I have posted about my little Stella cherry tree in previous posts, now going on its 8th year in my backyard (probably 10 years-old, including time in the nursery). It started as a struggling sapling, and has survived dry summers, hungry birds, and fruit fly and Japanese beetle infestations; these are some photos throughout the years:
Notice the difference in peak blooming dates between 2018 and this year. It is a big difference, of almost two weeks. Amongst many news outlets, CTV News Canada has reported that, according to records of Japanese cherry (Sakura) blossom peak-dates since the year 812 for the city of Kyoto, while the dates stayed around early to mid-April for centuries, there has been a consistent shift to earlier dates for the last 200 years, with the record breaking date of March 26 as the earliest, for 2021. The data, published by Yasuyuki AONO, on the website of the Department of Ecological Meteorology/Department of Green Space And Environmental Sciences, of the Osaka Prefectural University, is laden with interesting information, from some of the sources being royal diaries and accounts of blossom-sighting parties, to the correlation with meteorological factors, particularly temperatures. CTVNews also mentioned an early peak in Washington, D.C. this year, observed on March 31, in contrast to their average date of April 5. This is some worrisome information to digest, because plant and animal cycles, including cherry-blossom timing, are very sensitive to changes in temperature, indicating the likely effects of global warming and urbanization.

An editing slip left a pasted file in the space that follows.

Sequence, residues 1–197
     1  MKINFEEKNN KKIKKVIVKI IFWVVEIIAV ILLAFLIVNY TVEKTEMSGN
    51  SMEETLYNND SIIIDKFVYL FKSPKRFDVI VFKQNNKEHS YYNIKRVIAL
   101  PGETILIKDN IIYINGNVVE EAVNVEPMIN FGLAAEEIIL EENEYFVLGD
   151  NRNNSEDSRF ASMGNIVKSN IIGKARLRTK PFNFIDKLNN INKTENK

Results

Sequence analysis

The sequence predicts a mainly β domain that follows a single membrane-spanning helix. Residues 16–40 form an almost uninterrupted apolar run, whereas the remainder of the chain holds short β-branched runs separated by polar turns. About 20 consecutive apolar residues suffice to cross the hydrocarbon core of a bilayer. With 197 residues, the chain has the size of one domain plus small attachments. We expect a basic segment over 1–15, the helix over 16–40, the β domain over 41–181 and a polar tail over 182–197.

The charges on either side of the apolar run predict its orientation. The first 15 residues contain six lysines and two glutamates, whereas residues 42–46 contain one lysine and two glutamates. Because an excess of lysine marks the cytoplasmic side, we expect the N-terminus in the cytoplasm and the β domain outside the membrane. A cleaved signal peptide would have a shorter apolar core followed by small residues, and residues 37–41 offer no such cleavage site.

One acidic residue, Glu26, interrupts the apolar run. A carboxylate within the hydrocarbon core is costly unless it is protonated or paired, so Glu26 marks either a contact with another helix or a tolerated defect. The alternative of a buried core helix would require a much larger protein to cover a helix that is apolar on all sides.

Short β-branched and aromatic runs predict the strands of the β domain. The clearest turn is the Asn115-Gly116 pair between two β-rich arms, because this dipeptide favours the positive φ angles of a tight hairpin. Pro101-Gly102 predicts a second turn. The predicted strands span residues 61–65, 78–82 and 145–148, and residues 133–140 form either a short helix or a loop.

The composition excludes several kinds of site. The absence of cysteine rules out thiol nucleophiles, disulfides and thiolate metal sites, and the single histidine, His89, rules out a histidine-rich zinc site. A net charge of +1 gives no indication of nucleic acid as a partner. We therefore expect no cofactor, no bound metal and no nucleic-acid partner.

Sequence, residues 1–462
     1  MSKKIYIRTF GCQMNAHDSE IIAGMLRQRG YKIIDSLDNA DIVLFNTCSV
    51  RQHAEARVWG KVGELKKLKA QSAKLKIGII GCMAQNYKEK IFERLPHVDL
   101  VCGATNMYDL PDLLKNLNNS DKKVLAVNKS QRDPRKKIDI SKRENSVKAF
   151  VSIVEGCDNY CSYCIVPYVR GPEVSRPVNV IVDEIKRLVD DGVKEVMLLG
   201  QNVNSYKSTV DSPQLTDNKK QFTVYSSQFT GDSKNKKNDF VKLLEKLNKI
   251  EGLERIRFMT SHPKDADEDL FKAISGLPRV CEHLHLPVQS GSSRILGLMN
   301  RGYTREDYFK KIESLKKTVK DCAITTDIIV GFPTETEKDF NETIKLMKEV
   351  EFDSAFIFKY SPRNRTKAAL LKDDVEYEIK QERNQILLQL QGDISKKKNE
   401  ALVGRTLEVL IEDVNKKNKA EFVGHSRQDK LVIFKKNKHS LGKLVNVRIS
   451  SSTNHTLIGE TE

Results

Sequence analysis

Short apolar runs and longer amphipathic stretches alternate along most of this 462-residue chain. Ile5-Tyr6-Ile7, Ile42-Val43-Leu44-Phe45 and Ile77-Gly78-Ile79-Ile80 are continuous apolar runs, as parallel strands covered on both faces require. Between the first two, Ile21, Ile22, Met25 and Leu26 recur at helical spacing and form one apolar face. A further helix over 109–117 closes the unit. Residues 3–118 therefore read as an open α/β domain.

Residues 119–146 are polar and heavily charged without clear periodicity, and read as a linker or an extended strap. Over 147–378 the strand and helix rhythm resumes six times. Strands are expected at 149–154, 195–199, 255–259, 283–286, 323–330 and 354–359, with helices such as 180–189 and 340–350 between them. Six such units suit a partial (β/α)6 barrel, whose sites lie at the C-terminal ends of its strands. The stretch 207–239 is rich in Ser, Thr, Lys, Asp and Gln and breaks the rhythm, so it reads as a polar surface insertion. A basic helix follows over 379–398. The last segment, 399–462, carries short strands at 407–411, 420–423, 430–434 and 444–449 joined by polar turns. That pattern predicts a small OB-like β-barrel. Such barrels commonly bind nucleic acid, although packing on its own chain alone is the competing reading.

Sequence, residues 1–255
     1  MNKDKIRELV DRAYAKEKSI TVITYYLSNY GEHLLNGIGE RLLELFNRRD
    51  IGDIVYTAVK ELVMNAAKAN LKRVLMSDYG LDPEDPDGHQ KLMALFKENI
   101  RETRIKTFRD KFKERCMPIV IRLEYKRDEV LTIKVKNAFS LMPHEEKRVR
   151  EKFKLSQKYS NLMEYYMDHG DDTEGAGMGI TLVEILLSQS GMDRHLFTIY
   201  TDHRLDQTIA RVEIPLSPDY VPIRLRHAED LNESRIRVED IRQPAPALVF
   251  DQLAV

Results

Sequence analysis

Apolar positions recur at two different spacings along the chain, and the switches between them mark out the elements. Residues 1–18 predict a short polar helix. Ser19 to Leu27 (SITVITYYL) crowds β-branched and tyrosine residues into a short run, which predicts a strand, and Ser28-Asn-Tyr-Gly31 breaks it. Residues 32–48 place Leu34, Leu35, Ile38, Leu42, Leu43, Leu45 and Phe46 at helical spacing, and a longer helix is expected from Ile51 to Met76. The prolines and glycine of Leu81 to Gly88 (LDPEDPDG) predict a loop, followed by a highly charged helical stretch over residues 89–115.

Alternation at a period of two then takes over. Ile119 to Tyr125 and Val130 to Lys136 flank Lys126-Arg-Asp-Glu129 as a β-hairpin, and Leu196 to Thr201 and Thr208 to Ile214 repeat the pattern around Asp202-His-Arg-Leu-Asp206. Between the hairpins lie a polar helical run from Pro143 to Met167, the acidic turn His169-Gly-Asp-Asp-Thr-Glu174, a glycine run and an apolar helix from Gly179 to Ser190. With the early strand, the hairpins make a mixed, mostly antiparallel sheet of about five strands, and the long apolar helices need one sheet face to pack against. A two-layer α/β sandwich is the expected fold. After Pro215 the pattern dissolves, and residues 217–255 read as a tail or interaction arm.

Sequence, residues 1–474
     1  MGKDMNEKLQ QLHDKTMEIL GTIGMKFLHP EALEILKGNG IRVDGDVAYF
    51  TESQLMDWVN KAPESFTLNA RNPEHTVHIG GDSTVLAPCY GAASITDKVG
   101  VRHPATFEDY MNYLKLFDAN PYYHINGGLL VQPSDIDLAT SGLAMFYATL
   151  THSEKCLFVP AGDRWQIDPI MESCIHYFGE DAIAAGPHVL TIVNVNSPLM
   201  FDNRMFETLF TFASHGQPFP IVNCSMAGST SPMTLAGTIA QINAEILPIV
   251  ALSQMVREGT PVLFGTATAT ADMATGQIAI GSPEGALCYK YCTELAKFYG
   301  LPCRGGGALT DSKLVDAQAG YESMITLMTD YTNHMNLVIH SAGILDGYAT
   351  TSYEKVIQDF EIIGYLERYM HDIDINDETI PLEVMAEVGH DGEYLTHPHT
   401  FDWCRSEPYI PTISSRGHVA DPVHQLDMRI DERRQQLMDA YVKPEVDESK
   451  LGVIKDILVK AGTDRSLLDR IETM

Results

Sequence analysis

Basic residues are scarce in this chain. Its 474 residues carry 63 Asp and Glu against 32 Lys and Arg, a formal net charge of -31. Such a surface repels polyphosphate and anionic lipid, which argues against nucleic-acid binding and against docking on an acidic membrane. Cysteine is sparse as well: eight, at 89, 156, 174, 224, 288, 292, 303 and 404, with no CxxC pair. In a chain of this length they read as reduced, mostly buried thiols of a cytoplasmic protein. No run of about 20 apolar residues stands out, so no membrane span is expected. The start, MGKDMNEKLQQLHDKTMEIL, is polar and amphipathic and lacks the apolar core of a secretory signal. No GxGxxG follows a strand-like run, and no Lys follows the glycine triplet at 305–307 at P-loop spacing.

And now, a related heart-warming story (pun intended): My daughter had been working in Japan for one year, and was due to return to Canada on the second week of March, 2021 but, because of the pandemic, many flights were cancelled; Canada had imposed a mandatory hotel quarantine upon return, as well, so she had to stay in Japan until the end of the month, when she finished arrangements for all the extra requirements, and found a flight (any flight!) to Canada. She ended up landing in Vancouver, British Columbia, and capitulated to the required pre-boarding Covid test, arrival-airport Covid test, and 3-day hotel quarantine, then taking two more planes to make it from BC to Ontario. An unexpectedly positive outcome was that she had a chance to see the Sakura blooming at their peak, the earliest date ever recorded occurring just as circumstances had forced her into an extended time in Japan:
Upon arrival at home, my daughter had to take a third Covid test, and isolate from us for another 11 days. It was hard, but gave her time to recover from jetlag and the stress from the possibility of having/spreading/contracting COVID19 (none of the tests came back positive). Another unexpected outcome was that at the end of her quarantine, long awaited hugs coincided with my little cherry tree’s blooming peak (motherly teary eye here.) Ironically enough, it seems as if global warming and pandemic circumstances confabulated to grant my daughter a full-bloom Japanese Sakura farewell, and a full-bloom Canadian Stella welcome!
I am joining Cee’s Flower of the Day Challenge for April 17, 2021.